Scanning Hall Probe Microscopy at 300 mK with ANP positioners
The magnetic properties of superconducting and ferromagnetic materials at ultra-low temperatures represent some of the most interesting contemporary problems in condensed matter physics. These properties are typically investigated using a magnetic force microscope or a scanning Hall probe microscope (SHPM). In this note, we report on a self-built SHPM capable of working at temperatures as low as 300 mK and magnetic fields of up to 10 T, while still having sub-micron lateral spatial resolution.
Photoluminescence measurements in fields up to 28 T
The attocube systems positioners ANPxyz100/LT have been used in a setup for optical measurements in liquid 4He temperature and magnetic fields up to 28 T at the Grenoble High Magnetic Field Laboratory. In the setup laser excitation is delivered using a single-mode fiber and is focused onto the sample with two microlenses. A multimode fiber is used for photoluminescence (PL) collection.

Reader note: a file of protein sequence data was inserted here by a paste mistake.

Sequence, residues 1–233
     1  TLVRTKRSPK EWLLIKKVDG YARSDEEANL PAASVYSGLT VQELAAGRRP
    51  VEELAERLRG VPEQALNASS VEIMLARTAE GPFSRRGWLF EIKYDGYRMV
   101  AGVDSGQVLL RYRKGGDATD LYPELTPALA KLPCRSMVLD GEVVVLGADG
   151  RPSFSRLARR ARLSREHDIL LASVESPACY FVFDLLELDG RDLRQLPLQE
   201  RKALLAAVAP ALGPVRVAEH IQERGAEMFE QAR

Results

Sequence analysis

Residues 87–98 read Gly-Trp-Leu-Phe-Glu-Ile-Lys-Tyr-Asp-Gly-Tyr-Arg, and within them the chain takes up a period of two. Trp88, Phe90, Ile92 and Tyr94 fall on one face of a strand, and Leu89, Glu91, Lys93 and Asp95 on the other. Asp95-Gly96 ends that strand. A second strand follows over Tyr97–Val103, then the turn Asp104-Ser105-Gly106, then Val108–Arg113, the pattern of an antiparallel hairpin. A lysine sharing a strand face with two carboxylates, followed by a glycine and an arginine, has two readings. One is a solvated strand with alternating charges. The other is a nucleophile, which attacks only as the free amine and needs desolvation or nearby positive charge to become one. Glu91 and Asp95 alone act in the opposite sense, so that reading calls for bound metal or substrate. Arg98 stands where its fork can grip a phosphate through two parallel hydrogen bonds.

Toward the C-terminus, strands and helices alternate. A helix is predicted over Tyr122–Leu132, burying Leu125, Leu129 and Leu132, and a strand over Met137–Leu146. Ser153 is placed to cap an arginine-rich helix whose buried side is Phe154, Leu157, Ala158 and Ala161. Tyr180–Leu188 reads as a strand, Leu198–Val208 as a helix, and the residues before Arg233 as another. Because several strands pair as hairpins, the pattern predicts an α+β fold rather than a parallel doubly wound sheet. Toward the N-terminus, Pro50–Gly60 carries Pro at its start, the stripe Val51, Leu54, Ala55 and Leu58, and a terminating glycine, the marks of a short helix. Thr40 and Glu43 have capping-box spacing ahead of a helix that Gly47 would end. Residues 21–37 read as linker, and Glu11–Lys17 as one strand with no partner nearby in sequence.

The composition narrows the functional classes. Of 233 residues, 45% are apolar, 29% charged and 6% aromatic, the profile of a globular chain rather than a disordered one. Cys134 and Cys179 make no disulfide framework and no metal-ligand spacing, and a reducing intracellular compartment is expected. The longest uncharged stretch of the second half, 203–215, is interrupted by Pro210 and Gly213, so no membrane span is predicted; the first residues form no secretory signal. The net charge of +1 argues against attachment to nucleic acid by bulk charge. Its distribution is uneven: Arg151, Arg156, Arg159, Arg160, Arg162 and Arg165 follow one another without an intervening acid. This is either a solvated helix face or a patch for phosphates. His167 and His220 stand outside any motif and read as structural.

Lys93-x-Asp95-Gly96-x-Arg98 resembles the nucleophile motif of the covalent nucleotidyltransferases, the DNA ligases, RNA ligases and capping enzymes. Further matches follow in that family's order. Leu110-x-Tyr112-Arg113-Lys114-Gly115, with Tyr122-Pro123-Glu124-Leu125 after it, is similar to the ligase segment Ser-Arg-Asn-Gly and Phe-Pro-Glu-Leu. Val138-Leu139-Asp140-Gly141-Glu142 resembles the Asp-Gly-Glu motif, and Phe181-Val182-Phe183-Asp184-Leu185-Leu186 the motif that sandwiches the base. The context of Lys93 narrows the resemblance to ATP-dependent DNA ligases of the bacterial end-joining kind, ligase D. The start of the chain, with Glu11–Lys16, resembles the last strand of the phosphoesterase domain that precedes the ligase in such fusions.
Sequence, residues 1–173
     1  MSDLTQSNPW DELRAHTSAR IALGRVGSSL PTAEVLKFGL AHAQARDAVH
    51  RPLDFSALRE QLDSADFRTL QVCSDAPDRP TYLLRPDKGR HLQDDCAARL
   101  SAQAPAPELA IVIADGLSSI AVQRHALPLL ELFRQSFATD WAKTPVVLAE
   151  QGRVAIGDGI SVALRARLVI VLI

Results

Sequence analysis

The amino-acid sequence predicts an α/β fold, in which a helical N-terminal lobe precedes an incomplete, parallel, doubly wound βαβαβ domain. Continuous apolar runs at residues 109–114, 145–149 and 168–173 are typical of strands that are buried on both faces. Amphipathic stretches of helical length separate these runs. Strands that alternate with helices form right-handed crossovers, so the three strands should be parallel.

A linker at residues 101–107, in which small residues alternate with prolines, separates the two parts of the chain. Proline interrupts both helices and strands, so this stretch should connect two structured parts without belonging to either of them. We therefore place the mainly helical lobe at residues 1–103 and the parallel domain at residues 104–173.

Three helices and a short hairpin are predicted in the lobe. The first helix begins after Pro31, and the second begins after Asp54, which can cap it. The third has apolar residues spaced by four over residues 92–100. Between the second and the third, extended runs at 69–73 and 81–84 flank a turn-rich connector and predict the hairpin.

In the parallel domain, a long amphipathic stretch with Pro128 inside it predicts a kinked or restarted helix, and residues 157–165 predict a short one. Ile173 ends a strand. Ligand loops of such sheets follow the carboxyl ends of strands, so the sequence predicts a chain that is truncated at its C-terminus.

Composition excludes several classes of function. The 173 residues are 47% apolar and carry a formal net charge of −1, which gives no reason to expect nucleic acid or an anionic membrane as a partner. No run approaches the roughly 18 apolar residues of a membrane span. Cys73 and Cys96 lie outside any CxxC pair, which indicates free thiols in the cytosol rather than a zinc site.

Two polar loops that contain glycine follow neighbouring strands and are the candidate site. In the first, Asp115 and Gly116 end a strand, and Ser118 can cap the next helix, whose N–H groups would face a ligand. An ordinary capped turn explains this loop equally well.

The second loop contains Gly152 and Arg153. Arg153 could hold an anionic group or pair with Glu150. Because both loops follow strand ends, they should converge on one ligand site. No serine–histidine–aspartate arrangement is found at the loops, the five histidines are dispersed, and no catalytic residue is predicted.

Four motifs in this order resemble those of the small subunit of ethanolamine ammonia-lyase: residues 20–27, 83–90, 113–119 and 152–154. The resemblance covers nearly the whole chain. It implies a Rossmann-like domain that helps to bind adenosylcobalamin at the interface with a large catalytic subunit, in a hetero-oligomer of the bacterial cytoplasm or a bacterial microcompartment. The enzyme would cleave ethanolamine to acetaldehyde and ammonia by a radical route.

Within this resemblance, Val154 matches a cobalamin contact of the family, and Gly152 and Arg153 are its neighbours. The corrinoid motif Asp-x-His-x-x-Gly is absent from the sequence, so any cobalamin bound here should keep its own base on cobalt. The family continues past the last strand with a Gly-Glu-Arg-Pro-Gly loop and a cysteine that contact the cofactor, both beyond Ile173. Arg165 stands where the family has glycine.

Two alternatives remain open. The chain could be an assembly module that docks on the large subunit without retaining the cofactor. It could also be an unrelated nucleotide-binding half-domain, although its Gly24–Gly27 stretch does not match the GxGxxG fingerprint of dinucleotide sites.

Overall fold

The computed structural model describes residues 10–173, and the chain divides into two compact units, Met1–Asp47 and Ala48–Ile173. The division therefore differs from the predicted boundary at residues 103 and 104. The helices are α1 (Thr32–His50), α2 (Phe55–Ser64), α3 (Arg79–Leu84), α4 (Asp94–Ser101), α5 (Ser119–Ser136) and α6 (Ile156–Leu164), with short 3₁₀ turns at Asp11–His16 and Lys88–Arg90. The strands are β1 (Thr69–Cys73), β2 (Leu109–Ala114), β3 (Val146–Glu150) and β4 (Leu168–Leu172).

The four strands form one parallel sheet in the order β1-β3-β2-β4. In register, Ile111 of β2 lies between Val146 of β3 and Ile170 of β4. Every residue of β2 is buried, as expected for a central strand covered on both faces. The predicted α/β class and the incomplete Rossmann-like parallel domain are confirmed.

Magnetic Resonance Imaging of Nanoscale Virus at 300 mK
attocube’s ANPx51 positioners were used in an MRFM setup with the task to precisely and reliably position a magnetic tip and a copper nanowire to close proximity of an ultra-sensitive cantilever. The MRFM setup was applied to investigate and reconstruct the 1H spin distribution of Tobacco Mosaic Virus particles, representing a 100-million fold improvement in volume resolution over conventional MRI.
This measurement was realized with the ANPx51/LT - linear x-nanopositioner.
Performance Test of the ANPz30/LT at 35 mK and 15 Tesla